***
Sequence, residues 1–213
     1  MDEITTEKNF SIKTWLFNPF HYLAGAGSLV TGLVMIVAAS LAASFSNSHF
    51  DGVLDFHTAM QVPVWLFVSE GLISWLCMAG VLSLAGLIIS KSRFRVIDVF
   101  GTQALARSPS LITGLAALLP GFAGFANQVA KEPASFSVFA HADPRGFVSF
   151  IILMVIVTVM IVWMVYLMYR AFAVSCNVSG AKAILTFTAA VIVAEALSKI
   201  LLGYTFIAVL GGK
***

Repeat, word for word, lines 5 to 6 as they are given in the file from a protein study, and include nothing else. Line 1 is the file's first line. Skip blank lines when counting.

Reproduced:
   151  IILMVIVTVM IVWMVYLMYR AFAVSCNVSG AKAILTFTAA VIVAEALSKI
   201  LLGYTFIAVL GGK